For a Mother's Day feature, CBS Sunday Morning broadcast a story about how American families are changing and used vintage advertising campaigns by Cheerios to demonstrate the evolution.
The story again reviewed two Cheerios commercials that got plenty of attention for featuring a family where "...the mother is white, the father is African-American, and the little girl . . . well, she's just adorable." But Mark Addicks, chief marketing officer for General Mills, was interviewed for the story, said that despite the structural changes, what binds families together remains unchanged, and he said the Cheerios commercials, then and now, reflect that.
"What has stayed the same are the traditional values and desires to bring a family together, to nurture kids, to make them develop and be everything they can be," Addicks said.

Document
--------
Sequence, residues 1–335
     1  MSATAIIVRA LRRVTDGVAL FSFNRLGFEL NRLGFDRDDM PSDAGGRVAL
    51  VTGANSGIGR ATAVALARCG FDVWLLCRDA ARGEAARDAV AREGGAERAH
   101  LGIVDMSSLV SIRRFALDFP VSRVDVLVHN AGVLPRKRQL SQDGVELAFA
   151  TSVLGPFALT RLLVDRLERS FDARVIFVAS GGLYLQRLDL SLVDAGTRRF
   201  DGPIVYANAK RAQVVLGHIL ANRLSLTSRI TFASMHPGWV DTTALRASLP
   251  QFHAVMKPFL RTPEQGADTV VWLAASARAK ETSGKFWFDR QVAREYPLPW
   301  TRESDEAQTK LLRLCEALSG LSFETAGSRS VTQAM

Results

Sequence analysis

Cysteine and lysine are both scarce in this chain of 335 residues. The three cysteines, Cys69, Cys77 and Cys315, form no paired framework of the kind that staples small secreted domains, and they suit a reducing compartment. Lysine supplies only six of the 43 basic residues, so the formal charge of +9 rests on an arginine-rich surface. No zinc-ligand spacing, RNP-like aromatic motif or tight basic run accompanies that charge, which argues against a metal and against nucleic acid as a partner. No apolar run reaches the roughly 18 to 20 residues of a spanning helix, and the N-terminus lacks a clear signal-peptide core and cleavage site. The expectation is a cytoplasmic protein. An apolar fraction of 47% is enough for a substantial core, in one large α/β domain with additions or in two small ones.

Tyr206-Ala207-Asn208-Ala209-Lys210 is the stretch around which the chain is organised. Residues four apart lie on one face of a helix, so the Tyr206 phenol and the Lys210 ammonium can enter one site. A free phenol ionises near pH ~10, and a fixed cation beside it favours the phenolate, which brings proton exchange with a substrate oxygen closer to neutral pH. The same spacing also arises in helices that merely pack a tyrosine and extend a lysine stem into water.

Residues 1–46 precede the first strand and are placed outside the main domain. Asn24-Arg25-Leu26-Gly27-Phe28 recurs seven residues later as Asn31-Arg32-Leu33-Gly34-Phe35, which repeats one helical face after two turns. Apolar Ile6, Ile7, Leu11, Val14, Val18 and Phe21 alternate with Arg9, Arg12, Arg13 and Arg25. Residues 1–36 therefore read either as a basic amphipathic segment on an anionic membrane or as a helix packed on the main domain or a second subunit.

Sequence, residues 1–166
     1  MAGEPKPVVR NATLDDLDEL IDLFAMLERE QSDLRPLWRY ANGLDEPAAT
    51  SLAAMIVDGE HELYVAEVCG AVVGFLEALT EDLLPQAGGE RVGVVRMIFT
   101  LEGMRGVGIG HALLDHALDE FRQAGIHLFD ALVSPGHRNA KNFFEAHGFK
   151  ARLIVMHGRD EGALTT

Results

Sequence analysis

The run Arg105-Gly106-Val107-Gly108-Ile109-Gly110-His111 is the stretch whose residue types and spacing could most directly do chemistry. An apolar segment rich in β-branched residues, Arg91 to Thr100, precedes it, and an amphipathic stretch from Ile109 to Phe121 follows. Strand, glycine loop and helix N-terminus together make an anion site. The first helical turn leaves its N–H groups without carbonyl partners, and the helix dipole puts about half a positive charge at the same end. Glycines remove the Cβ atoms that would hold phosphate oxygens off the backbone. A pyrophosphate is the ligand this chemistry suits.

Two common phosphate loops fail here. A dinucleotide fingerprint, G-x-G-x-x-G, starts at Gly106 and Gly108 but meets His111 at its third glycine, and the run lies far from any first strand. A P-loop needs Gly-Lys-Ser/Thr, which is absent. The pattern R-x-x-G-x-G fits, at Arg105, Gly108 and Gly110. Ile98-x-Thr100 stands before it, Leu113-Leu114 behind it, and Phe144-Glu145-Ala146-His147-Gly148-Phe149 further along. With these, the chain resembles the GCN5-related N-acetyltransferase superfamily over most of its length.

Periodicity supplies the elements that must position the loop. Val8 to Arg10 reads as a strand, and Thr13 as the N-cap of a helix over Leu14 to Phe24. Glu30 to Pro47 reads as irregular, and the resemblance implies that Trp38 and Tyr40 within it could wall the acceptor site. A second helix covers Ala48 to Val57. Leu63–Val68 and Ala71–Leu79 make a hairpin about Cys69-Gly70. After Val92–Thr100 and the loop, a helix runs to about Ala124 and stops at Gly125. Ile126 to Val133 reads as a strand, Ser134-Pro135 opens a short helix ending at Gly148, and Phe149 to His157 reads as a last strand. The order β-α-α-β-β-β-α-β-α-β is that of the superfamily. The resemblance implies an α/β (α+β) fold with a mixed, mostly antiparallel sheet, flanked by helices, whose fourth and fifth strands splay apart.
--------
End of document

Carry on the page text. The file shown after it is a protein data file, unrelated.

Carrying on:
CBS pointed out the sweeping demographic changes that have reshaped the composition of the family unit. "In 1938 General Mills commissioned Norman Rockwell to paint scenes from American family life. But households today look less and less like those images from the last century," the story noted. More than 15 percent of new marriages are interracial or interethnic. One-parent homes are on the rise, and the number of same-sex couples with children is the highest ever recorded.
Last month, the Business Journal reported that General Mills won an award from the North Central Minority Supplier Development Council, an organization that connects large companies with minority-owned suppliers in the Midwest. At a luncheon awards ceremony, General Mills CEO Ken Powell told the crowd, made up of many minority business owners, that the company was proud of the Cheerios commercial.
"Doing the right thing ended up being the right thing for the brand," Powell said, noting that 90 percent of the response to the commercial was supportive.